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New to coyotes

Post in 'DIY and General non-hearth advice' started by Astrolopitec, Feb 4, 2010.

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  1. Astrolopitec

    Astrolopitec New Member

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    Hi
    I'm used to wolfs and black bears around my cottage. But this year we got coyotes for the first time.
    So I'm not familiar with then, but I notice that they do venture closer to the cottage than other predators.
    Anything to watch for ?

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  2. cncpro

    cncpro New Member

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    Umm Yeah, watch out to keep your pistol handy and your ammo dry ;-) Good luck with that !
  3. Bobbin

    Bobbin Minister of Fire

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    Depends. If you have a dog or cats and they go outdoors you should be aware that they are now more obvious objects of predation. We make sure our cats are indoors by sundown and we don't let them out until the sun is well on its way up. No guarantee of safety, but wild things tend to venture closer to "our" areas when the activity level is low... dusk, night time, and dawn. Coyotes are pretty new to our area, too. And there have been cases of cats grabbed off decks or from a yard and there is the occasional story of a child being attacked (usually toddler size).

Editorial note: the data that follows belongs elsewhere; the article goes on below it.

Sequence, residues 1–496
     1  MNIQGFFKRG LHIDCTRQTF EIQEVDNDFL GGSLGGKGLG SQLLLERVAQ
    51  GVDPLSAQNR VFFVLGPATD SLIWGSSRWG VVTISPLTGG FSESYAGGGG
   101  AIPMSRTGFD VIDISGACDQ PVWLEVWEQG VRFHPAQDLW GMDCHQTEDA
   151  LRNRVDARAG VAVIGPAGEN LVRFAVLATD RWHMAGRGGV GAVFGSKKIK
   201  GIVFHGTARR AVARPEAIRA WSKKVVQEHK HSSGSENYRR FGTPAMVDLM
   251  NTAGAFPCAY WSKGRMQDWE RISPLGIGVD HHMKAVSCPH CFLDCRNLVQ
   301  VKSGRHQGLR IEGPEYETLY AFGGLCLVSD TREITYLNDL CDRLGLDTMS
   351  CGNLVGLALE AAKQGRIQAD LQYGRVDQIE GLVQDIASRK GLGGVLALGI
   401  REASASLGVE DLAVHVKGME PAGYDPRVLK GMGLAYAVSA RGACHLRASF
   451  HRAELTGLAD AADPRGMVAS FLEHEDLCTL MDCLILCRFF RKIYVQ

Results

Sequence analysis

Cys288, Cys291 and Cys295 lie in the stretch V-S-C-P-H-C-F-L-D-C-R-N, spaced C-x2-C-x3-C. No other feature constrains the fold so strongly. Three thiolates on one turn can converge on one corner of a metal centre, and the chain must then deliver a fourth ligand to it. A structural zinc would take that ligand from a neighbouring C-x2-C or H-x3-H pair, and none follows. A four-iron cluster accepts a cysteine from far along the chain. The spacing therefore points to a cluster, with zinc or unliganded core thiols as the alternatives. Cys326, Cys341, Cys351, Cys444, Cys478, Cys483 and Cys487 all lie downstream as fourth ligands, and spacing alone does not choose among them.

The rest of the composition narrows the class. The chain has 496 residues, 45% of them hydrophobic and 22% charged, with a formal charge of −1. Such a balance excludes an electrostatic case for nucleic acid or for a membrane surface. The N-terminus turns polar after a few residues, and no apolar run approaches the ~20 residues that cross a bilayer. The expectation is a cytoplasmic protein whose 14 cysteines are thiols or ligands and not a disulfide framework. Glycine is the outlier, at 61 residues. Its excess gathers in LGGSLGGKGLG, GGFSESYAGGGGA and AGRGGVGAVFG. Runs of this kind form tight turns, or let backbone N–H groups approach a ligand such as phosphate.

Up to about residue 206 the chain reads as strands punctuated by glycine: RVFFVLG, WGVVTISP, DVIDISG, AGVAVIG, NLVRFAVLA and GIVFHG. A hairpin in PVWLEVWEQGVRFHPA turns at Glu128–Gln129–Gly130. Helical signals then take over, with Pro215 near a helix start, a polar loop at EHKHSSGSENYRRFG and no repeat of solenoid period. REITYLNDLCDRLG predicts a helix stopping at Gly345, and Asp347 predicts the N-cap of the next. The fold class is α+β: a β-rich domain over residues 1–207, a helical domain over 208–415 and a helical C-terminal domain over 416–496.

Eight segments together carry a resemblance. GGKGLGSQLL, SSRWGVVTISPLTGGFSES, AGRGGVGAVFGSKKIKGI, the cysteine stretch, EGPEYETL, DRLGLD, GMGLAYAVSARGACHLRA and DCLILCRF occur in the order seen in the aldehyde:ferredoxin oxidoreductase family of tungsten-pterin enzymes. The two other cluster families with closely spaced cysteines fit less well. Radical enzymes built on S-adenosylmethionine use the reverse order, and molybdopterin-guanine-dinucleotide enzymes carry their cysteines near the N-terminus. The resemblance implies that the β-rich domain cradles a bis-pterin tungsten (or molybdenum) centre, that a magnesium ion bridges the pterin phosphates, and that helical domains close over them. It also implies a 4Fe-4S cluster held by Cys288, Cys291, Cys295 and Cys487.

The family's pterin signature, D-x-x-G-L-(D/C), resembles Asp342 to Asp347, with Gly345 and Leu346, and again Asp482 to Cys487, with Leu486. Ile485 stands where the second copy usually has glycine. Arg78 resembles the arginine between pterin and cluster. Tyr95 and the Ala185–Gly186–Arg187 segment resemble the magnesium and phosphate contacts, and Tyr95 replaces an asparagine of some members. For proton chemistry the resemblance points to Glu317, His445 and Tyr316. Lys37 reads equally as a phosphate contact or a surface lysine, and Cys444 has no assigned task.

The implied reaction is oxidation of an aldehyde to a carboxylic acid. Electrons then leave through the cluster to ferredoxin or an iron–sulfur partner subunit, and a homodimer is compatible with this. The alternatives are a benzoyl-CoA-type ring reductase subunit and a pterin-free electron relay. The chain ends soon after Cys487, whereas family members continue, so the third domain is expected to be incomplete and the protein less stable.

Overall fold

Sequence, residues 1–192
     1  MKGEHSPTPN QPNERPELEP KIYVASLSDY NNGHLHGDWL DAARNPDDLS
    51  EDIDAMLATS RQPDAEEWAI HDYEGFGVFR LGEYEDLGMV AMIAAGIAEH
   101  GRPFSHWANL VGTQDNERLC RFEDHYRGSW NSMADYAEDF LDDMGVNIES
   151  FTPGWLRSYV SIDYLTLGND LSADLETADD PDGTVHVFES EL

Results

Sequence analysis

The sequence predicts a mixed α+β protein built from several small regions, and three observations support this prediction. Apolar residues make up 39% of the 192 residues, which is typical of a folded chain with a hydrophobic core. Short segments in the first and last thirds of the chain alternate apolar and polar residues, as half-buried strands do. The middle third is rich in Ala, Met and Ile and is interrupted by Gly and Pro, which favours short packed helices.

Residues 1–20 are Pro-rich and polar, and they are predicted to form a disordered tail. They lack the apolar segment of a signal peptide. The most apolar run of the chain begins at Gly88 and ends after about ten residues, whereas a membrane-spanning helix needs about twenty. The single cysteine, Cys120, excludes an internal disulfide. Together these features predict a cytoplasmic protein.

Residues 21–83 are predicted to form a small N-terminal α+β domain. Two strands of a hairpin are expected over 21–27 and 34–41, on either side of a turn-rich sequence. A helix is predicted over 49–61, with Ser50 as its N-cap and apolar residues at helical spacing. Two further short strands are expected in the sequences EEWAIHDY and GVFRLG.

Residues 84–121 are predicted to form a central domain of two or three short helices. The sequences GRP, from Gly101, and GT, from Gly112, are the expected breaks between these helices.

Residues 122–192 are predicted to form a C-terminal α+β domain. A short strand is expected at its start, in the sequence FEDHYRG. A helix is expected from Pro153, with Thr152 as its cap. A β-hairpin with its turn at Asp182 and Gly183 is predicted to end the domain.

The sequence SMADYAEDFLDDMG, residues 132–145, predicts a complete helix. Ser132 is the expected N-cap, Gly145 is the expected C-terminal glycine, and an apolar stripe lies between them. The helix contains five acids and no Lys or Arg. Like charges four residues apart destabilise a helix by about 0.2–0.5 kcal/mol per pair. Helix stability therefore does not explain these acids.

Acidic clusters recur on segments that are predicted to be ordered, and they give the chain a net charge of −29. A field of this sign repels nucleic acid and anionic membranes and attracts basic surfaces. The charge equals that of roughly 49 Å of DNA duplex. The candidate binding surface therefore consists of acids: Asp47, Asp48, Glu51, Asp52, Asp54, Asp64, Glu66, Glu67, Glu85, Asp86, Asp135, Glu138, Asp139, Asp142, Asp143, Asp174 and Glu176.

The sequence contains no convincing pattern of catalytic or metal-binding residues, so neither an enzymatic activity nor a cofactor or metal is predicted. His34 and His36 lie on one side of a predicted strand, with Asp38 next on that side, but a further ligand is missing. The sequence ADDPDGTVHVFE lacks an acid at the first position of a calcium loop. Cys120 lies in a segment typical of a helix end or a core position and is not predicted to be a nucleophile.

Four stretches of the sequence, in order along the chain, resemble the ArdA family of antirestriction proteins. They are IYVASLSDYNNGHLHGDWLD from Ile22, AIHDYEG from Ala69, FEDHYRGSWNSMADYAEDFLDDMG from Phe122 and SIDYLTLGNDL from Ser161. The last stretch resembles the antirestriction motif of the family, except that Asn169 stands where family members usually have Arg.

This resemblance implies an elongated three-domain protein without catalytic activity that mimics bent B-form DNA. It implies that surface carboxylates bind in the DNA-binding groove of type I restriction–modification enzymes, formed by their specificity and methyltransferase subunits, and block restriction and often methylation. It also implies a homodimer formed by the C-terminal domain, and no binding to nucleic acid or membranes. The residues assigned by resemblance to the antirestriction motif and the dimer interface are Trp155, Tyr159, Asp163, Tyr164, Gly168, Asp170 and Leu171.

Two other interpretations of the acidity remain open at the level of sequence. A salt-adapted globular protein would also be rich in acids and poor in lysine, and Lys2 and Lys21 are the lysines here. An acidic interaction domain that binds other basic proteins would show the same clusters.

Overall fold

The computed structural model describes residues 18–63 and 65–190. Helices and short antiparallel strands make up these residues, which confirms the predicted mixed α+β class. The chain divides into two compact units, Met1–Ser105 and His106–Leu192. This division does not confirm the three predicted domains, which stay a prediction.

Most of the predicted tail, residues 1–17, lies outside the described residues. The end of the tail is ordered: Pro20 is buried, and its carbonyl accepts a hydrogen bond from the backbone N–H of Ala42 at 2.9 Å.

Coyotes are beginning to overwhelm fox populations in my area, too. And there is growing momentum to increase hunting of coyotes on the grounds that they are doing damage to the deer herd. Personally, I don't really care and I don't see any great decrease in deer population. But they are a growing presence and I think it's wise to be alert if you know there is a pack in your area.
  4. Ncountry

    Ncountry Member

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    We have had coyotes here as long as I can remember. You can go outside most any night of the week and hear them yipping. They have never caused any problems or got close whether I was home or in the woods hunting. If I had any that did not seem afraid of people or hung around the house I probably wood sell his fur.
  5. raven

    raven New Member